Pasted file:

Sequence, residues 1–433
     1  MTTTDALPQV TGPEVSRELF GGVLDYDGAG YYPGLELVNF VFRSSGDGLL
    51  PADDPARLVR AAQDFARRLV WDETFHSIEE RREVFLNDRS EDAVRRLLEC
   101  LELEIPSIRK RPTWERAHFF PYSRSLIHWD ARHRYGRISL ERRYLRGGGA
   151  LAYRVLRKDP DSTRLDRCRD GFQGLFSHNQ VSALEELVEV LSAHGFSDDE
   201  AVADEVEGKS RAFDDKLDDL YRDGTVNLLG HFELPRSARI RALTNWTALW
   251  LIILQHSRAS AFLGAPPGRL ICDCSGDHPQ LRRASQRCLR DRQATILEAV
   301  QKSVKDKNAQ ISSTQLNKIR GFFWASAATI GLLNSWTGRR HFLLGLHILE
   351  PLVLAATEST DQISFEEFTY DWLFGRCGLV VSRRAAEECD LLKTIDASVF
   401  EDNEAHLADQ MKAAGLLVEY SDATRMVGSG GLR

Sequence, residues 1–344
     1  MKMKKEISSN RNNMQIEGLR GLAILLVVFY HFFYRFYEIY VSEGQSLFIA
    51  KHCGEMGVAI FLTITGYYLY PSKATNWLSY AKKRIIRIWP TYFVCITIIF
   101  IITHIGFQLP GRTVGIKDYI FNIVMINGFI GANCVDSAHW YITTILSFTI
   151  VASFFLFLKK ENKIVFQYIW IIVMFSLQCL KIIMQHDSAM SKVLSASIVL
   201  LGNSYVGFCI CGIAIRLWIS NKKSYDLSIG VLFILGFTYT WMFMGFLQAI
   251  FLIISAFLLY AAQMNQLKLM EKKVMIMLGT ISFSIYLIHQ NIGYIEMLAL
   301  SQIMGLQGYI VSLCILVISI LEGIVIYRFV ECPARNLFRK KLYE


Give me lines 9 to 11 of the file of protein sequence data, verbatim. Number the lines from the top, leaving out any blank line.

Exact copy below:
   351  PLVLAATEST DQISFEEFTY DWLFGRCGLV VSRRAAEECD LLKTIDASVF
   401  EDNEAHLADQ MKAAGLLVEY SDATRMVGSG GLR

Sequence, residues 1–344